Monday, April 11, 2016

The Write Process

A few weeks back I was asked what my writing process was. How I went about writing my novels. I became tongue-tied and couldn’t articulate a good response. Any other writers out there have that problem? Being able to write a decent piece of prose but sounding like a babbling idiot when you talk?

Every writer has a method to their madness. Some are seat of their pants writers. They sit down at the keyboard and just write whatever. I used to do that when I was younger… it was not an effective process for me. Plots would change on a whim, dialogue took forever and often sounded cheesy, and the lack of planning showed up in the story. The quality was poor. If I don’t have an idea of where I need to start or where I am going, then I had better stop before I get in too deep.

Finding a certain subject can be tricky. I’ve had my share of false starts. These are the stories that just fizzle out after the first few chapters and you know it’s better to forget about what you’ve written and start on something else. Usually my subjects of choice find me. For an example, my current WIP is set during the Great Depression in Indiana. It is probably no coincidence that I focused on Indiana so near its bicentennial. It must have been on my mind. Also, the past, history, my grandparents are often in my thoughts. My grandparents lived during the Great Depression, so it is only natural that at some point in my life I write about Hoosiers and my state. It was the Deep Calling Unto the Deep.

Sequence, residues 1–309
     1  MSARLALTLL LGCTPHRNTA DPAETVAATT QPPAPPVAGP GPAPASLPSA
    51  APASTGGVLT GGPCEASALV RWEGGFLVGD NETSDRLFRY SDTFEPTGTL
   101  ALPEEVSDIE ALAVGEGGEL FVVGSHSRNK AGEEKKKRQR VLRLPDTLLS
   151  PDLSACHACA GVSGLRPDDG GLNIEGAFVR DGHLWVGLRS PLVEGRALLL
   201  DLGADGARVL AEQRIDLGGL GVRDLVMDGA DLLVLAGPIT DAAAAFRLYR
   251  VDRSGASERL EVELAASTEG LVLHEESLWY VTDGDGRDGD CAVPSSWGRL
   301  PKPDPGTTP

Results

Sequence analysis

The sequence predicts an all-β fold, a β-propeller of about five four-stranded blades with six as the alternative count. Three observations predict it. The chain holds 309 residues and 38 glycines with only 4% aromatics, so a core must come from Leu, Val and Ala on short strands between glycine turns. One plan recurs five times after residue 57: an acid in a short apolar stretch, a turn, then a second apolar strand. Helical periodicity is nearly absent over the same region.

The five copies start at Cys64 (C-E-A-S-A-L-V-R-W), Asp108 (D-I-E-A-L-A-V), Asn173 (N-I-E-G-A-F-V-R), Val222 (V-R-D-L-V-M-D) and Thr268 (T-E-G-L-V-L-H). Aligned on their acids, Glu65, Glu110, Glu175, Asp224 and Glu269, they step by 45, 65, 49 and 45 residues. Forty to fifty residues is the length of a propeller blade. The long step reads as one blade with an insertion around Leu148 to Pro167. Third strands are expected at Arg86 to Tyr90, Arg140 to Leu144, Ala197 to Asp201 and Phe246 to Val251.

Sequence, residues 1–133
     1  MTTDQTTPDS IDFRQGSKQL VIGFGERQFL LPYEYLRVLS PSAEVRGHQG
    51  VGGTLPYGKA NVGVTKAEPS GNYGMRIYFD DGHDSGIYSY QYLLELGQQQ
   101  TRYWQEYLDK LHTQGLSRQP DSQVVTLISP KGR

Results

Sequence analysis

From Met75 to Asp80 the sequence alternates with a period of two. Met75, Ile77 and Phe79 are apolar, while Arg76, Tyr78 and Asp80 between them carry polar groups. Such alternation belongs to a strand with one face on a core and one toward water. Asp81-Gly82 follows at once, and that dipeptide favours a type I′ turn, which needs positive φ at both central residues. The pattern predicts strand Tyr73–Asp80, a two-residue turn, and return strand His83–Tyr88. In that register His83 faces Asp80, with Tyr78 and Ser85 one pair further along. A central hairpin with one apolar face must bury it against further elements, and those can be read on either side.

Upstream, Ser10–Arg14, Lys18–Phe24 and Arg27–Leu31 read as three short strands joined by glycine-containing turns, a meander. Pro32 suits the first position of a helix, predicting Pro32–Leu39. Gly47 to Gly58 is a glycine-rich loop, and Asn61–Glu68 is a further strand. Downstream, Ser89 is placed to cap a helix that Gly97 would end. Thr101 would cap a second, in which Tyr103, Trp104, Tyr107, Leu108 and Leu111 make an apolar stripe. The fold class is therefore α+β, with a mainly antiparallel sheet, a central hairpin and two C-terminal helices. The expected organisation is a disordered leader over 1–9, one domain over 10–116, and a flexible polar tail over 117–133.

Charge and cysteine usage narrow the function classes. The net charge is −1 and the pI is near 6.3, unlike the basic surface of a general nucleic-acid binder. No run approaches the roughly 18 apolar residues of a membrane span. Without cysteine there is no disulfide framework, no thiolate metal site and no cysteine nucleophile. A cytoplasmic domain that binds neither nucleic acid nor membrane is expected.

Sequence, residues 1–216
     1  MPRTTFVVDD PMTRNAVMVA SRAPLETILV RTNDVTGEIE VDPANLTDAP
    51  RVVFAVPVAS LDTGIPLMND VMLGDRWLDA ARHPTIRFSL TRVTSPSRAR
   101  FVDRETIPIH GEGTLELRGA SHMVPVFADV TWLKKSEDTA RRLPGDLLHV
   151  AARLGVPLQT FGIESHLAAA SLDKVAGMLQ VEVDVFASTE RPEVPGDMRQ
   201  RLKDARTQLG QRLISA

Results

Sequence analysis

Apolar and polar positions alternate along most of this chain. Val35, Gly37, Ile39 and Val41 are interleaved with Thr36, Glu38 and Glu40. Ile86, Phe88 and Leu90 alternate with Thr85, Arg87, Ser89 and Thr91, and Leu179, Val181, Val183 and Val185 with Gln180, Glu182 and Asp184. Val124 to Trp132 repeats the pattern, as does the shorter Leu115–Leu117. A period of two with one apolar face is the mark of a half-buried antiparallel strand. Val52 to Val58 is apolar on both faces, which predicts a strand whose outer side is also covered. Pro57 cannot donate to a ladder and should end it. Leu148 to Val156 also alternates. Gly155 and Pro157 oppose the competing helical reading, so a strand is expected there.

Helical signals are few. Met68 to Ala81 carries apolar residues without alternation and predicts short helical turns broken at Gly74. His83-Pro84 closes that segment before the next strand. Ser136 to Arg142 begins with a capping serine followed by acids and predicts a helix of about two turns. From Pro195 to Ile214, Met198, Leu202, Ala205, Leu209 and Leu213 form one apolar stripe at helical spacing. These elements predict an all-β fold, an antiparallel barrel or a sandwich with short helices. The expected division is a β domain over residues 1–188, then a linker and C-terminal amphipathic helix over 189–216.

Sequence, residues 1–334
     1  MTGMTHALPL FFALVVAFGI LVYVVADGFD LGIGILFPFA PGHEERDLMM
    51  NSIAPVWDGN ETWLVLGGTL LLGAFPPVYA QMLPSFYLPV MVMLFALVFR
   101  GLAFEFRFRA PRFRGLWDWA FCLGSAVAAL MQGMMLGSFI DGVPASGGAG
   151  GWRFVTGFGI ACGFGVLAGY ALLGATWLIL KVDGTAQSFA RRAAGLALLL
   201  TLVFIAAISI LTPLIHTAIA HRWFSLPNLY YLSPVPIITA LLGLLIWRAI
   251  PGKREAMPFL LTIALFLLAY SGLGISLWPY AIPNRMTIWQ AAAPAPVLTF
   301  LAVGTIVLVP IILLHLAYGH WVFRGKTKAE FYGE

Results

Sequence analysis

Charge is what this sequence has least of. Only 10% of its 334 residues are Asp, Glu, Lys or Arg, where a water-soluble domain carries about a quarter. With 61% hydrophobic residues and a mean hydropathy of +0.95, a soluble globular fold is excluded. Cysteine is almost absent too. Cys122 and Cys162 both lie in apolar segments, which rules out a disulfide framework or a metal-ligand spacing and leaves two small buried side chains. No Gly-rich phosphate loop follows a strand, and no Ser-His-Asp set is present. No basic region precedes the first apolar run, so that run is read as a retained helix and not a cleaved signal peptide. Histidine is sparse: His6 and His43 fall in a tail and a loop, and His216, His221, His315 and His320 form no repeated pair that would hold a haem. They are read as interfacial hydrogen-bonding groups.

I usually write a detailed synopsis of an idea and then on notebook paper I write outlines of the scenes and dialog that will end up in the story. I put all of these notes on the computer and then go over them twenty or thirty times, trying to improve upon it. I separate the scenes into chapters and go from there. That’s when the real writing begins.
It takes me two or three months to write a very crappy first draft (and believe me, all first drafts are crappy). But then again, I’m a slow writer, averaging at 1000 to 1500 words (if I am very lucky) a day. My mind is only good enough to write twice a day, after lunch and in the evening. Otherwise my brain turns to mush.

If I can give any advice to any other writers out there, here it is: don’t write formula fiction. It’s a waste of time. I’ve tried it, just to get my foot in the door. Unless you have your heart is in your project, then there is no point. Better to write something you are truly passionate about than waste what talent you do have on subpar stories. Also, do not limit yourself to one story. I made the huge mistake of devoting myself to one novel for several years, and nothing came of it. Be sure to have a Plan B. And then a Plan C. And after that a Plan D. That is my two cents’ worth, take it for what it is. 

1 comment:

  1. I work on one project at a time until it's perfect, then I throw it out into the world and find something else. I can't do extensive outlines -- that kills the creative process for me. I feel trapped inside them. Structure and planning is good to a point. It keeps me on track and the word limit down, but I prefer freely writing. I know where I am and where I'm going, but I let characters and plots develop on their own terms, then trim any fat in the editing process.

    Speaking of which... :P